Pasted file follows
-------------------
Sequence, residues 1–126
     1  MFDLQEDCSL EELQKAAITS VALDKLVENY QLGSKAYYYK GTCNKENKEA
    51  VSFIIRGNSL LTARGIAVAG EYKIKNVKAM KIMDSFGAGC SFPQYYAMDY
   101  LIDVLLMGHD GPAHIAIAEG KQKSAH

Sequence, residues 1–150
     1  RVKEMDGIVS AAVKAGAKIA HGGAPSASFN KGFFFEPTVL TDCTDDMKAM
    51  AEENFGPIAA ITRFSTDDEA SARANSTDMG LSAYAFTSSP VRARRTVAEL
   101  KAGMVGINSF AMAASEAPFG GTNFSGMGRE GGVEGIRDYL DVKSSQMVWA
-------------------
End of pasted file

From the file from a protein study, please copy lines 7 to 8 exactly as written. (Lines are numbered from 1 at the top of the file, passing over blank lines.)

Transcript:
    51  AEENFGPIAA ITRFSTDDEA SARANSTDMG LSAYAFTSSP VRARRTVAEL
   101  KAGMVGINSF AMAASEAPFG GTNFSGMGRE GGVEGIRDYL DVKSSQMVWA